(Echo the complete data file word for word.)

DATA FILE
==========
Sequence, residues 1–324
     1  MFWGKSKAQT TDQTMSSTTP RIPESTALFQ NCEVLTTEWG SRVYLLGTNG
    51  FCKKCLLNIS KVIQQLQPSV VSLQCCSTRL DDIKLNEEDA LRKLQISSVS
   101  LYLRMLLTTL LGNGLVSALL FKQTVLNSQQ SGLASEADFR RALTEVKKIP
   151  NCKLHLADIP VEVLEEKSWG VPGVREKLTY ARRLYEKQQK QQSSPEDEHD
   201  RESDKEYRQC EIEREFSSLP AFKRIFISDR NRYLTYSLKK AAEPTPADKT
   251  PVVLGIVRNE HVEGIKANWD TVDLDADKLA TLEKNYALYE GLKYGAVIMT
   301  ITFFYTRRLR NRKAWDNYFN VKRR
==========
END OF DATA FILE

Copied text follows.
Sequence, residues 1–324
     1  MFWGKSKAQT TDQTMSSTTP RIPESTALFQ NCEVLTTEWG SRVYLLGTNG
    51  FCKKCLLNIS KVIQQLQPSV VSLQCCSTRL DDIKLNEEDA LRKLQISSVS
   101  LYLRMLLTTL LGNGLVSALL FKQTVLNSQQ SGLASEADFR RALTEVKKIP
   151  NCKLHLADIP VEVLEEKSWG VPGVREKLTY ARRLYEKQQK QQSSPEDEHD
   201  RESDKEYRQC EIEREFSSLP AFKRIFISDR NRYLTYSLKK AAEPTPADKT
   251  PVVLGIVRNE HVEGIKANWD TVDLDADKLA TLEKNYALYE GLKYGAVIMT
   301  ITFFYTRRLR NRKAWDNYFN VKRR